Snapshots From Hell: The Making Of An MBA

Category: Books
Genre: Nonfiction
Author: Peter Robinson
Snapshots From Hell: The Making Of An MBA
Peter Robinson
Warner Books, Inc. . 286 pp.
This book is a personal account by Peter Robinson, a former Reagan 
speech-writer who left his job at the Whitehouse to pursue what many 
consider as a ticket to a six-figure salary and the inside track to 
wealth and power–an MBA. 

Being a poet-at the Stanford Business School, poets 
are students with very little quantitative or business backgrounds such as 
writers, historians, and philosophy majors-Robinson finds business 
school both fascinating and frightening. While some of his classmates, 
especially those who were former financial analysts and management consultants (non-poets in other words,) easily managed the quantitative subjects such as QA and Finance, Robinson struggled through much of the first year. 

During his stay at Stanford, he encounters different “characters”; from 
Kemal, the twenty-something Lebanese professor of QA, to Connor, his 
insecure and distraught fellow poet, to John, the hotshot Finance ace 
he aptly calls, “Mr. Perfect.” Soon, he begins to doubt his ability to 
survive at Stanford and even asks himself whether going to B-School was a right 
choice after all. Along the way, he takes a long look at Stanford, an 
institution with a long tradition of excellence, and discovers for 
himself the disconcerting internal issues that many MBA schools face.

While obviously written for people who are still contemplating the 
business school proposition, the book will be nevertheless be appreciated by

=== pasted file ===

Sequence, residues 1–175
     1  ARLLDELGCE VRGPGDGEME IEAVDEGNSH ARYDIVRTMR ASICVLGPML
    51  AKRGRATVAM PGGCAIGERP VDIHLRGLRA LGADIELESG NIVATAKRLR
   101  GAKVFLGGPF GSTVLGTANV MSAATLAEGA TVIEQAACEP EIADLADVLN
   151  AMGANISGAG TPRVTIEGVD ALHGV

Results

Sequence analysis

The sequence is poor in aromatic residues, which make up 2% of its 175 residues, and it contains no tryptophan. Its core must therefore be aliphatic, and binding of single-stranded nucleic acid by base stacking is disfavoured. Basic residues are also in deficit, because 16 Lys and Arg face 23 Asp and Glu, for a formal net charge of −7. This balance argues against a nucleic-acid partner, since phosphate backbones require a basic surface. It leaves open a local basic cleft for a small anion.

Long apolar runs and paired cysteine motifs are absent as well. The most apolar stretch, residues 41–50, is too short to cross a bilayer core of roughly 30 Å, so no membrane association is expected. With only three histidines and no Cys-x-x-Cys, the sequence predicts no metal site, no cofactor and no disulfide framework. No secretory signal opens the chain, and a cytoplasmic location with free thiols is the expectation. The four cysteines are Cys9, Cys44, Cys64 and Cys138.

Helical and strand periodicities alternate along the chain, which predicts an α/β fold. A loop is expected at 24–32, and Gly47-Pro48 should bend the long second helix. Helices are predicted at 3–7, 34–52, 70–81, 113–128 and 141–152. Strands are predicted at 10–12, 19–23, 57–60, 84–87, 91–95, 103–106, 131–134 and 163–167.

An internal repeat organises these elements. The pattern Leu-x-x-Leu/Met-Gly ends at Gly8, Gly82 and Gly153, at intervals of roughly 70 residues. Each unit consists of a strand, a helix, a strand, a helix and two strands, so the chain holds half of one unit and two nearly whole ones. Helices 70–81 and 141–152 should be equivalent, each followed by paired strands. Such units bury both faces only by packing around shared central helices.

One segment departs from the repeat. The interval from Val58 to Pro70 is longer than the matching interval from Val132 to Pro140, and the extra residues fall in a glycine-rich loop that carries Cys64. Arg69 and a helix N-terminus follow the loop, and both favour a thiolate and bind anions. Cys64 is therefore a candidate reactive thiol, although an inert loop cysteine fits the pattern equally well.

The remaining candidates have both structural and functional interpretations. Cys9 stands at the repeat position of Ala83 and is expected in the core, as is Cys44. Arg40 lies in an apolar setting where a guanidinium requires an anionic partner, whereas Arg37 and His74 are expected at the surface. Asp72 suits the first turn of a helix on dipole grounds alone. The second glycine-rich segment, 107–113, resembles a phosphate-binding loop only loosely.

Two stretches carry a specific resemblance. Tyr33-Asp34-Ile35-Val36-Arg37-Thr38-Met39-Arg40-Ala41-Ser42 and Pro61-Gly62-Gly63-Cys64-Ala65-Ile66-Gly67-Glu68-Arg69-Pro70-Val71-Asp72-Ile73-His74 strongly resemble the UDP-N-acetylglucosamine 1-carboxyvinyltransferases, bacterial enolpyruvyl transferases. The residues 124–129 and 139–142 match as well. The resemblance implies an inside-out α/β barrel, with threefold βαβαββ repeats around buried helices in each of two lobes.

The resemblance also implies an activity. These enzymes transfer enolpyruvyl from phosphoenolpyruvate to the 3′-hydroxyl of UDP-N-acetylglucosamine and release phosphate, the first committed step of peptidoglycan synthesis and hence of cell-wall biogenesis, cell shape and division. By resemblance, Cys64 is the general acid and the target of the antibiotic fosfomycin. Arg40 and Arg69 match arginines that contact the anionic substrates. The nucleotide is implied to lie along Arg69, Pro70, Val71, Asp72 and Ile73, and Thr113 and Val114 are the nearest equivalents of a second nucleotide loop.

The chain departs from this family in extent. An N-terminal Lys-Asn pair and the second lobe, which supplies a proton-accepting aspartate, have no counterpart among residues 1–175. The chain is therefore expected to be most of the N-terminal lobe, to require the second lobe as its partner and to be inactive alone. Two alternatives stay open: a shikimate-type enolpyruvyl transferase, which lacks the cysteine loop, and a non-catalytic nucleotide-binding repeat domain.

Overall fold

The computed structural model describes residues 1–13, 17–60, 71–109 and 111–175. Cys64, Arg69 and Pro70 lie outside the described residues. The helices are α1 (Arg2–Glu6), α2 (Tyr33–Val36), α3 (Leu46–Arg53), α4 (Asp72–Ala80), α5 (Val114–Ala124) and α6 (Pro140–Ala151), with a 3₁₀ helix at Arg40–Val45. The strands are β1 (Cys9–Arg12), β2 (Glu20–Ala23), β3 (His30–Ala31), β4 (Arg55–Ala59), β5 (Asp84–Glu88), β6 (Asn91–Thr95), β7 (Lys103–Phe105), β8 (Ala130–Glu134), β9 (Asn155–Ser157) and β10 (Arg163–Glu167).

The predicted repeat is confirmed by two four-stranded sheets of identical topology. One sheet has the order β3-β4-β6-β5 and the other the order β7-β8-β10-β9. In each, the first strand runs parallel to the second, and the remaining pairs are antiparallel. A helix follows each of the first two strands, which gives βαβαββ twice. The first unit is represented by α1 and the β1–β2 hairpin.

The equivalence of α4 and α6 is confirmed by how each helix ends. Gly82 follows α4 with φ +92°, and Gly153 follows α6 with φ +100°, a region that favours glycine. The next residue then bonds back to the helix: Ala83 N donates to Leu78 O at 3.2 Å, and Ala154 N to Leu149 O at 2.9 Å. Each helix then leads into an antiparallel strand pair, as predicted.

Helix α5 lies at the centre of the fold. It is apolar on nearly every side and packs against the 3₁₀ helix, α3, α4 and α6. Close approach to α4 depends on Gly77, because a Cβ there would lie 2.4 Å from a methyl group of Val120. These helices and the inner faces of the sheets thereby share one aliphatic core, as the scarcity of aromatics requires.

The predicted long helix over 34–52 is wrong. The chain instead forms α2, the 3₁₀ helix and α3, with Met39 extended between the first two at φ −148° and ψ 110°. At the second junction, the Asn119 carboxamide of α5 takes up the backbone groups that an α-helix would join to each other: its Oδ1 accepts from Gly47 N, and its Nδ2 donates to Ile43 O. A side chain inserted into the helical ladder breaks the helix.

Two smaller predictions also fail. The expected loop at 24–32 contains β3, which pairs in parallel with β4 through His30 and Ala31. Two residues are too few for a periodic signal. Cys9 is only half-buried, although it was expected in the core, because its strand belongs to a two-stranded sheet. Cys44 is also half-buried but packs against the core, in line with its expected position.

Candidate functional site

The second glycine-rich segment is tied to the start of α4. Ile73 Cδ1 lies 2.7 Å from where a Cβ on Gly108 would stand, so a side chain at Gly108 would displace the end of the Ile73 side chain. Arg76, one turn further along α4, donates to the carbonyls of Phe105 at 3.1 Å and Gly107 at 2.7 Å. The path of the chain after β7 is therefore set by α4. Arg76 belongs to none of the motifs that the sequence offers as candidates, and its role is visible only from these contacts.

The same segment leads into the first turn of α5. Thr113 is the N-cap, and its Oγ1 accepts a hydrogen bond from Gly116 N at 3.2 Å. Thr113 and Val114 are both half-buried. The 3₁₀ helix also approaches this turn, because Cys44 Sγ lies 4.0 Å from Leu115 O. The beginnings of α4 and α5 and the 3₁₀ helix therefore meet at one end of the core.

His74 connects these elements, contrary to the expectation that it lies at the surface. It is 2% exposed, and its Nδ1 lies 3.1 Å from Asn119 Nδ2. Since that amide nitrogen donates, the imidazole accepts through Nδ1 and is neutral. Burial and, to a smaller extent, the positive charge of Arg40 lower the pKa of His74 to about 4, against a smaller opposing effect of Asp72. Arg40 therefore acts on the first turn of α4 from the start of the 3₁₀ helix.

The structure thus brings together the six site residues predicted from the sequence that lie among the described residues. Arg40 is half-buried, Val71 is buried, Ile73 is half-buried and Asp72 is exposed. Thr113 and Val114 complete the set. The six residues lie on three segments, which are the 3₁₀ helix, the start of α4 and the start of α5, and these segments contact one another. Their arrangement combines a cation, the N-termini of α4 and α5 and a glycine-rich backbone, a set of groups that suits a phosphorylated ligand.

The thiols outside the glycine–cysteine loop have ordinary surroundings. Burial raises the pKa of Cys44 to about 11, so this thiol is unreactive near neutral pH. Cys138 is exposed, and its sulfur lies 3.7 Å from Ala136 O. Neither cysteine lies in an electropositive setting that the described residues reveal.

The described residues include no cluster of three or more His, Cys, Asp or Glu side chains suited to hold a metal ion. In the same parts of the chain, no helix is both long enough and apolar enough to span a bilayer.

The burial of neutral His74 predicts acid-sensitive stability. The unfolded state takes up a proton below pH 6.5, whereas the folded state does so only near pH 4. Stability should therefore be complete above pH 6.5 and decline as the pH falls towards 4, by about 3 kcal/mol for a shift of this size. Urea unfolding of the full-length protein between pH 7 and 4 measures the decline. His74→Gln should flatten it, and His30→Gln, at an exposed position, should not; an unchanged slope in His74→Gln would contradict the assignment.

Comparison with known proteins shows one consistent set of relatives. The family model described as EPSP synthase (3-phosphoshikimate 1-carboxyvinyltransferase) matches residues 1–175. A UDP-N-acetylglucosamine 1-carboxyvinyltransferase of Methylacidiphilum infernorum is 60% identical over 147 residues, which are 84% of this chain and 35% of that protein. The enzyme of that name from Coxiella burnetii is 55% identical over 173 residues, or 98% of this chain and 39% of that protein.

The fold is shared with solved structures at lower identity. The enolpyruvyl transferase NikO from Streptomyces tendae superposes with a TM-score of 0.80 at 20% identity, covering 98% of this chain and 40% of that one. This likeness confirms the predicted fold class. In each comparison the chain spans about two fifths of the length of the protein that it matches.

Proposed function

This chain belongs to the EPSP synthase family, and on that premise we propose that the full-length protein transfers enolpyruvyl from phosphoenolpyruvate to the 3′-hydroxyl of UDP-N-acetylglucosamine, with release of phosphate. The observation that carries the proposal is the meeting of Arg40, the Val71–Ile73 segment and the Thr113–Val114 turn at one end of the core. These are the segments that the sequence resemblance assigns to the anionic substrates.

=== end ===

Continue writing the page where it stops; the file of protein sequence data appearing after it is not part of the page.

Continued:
present students and those who have actually gone through the arduous two-year journey Robinson describes as hell.

I was amused by the numerous parallelisms between the MBA experience Robinson describes and the one I experienced. Robinson writes about struggling through a QA class on decision trees, trying to apply the Expectancy Theory of Motivation to a case, gruelling Finance exams, and endless cold-calls. I personally enjoyed his account of his group’s presentation of the Southwest Airlines case, a case our first year class discussed as well.

Robinson’s writing is clear and entertaining. One of the best things I 
liked about the book is the way Robinson describes the rigor MBA 
students go through in the first year with such vividness, and more importantly, 
humor. Consider the following excerpt:

“For more than an hour I seized up, unable to think or to write. Not 
until there were fewer than twenty minutes left did I succeed in forcing 
myself to begin working. I took the single piece of paper that the answer 
sheet provided for this question, filled it with a portion of my tree, then 
ripped a second sheet from my notebook in order to continue drawing 
decision nodes, event nodes, and branches. I soon filled third and 
fourth sheets, and I covered a fifth sheet with instructions to Professor 
Kemal for taping the first four sheets as though they were pieces of a 
puzzle. When the exam ended, my decision tree, still incomplete, contained more than sixty branches. Since I had not even begun to calculate the 
optimal strategy, I scribbled a guess: “Wiley should go to Barn 1, 
then to Barn 3. If he finds the horse, he should shoot it. If he does not, 
he should shoot himself.”

The only thing I didn’t like about the book is that it focuses too much 
on the harrowing part of business school and could lead some readers, 
especially those who have no plans to pursue an MBA, to miss the whole 
picture of what going through such a program is really like. My personal 
opinion is that academic rigor is just one factor that contributes to the 
development of an MBA graduate. The opportunities for interaction with 
a diverse mix of ambitious individuals is, in many respects, just as 
important. Apart from this minor flaw, the book makes very good 
reading, especially if one wants to find out what the Stanford MBA is like and 
compare it with the MBA program one is presently taking. 

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